1. P. Aitch 2022-07-11

    California adopted Medicaid expansion through the Affordable Care Act (ACA).
    Enrollment began in October 2013, with coverage effective in January 2014.

  2. grudznick 2022-07-11

    Mr. Nesiba brow-beat Mr. Wieland, who can’t take much of a beating, into pulling his measure, initiated. I wouldn’t be shocked to find that my good friend Bob finally got some of the old Daugaard minions to back these ideas and do a little back-ally levering behind Mr. Wieland’s old friend’s prior coffee house.

  3. Nick Nemec 2022-07-12

    This is a good move and having only one Medicaid expansion measure will reduce voter confusion. I’m not a fan of putting in the Constitution what would more properly be in statute but the SD Legislature and Governor Noem have proven they have no respect for citizen initiated and passed measures. There is no guarantee they won’t try to muck up Amendment D if it is passed, but it was the closest thing to a sure bet that they would have repealed IM 28 the first chance they had.

  4. Cory Allen Heidelberger Post author | 2022-07-12

    I agree, Nick, with your constitutional purism. The constitution should state general governing principles from which rational and specific statute should flow. Unfortunately, the Legislature has become so unresponsive, and even opposed to recognizing and respecting the people’s constitutional right to initiative and referendum, that we must now resort to constitutional amendments to enact specific policies and protect them from Legislative interference and repeal.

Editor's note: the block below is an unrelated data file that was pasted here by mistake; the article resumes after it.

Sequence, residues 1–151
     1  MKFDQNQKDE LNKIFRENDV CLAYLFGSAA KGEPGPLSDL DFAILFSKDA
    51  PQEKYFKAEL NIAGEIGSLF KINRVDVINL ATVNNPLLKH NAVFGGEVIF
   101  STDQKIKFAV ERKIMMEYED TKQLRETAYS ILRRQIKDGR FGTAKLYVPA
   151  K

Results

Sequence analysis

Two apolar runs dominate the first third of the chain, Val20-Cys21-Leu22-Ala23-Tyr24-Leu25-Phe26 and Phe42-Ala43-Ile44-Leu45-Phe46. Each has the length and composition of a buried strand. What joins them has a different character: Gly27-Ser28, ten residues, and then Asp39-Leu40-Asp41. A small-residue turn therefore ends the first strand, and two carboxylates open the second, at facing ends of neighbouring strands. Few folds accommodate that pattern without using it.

The proper separation of the constitution and statutes, of principles and policies, makes for a good government. South Dakota’s Republican Legislature makes good government difficult, to say the least.

  5. Cory Allen Heidelberger Post author | 2022-07-12

    As P notes, South Dakota has given up nine full years of the benefits of Medicaid expansion. Based on the revised fiscal note for Amendment D, I could say that we’ve easily given up over $2 billion in federal spending that would have saved lives and boosted our economy. We’ve paid $2 billion just to “own the libs” and stand against “Obamacare”.

  6. Cory Allen Heidelberger Post author | 2022-07-12

    Nick, you are not the only South Dakotan with concerns about keeping the Constitution clean. I suspect there would be some percentage—maybe single digit?— of voters who would vote Yes on a Medicaid law (or perhaps any specific policy) but vote No on an identical initiative proposed as a constitutional amendment. (I wonder: how much of the 2020 fall-off between IM 26 and Amendment A was folks who are fine with legalizing marijuana but did not want to write it into the state constitution?) When Amendment C threatened to raise the vote threshold for passing Medicaid expansion to 60%, I could see the logic of offering IM 28 alongside Amendment D in case Medicaid support would draw above 60% approval but would lose enough constitutional purists to drop D below 60%. That was my belt-and-suspenders theory. Now that voters have rejected Amendment C, I can see less need for belt and suspenders.

  7. Vi Kingman 2022-07-12

    I know spelling is extremely tough for you Grudz. Rick’s last name is “Weiland”

  8. grudznick 2022-07-12

    It is tough for me, yes. I have a hard time spelling Mr. H’s full last name, and indeed I guess I also have difficulties with Mr. Weiland’s. Please offer him my sincere apology, as grudznick funds it rude when people misspell other’s names.

    If Mr. H would let me edit my last blogging where I spelled Mr. Weiland’s name incorrectly, I would.

  9. Bonnie B Fairbank 2022-07-12

    Vi Kingman: And to think I was roundly excoriated by our best friend and most beloved Conservative Commentator Grudz for spelling “LOUDLY” as “LOUNDLY”. I blush badly to this day for my sin.
    Yep, this has nothing to do with with current topic.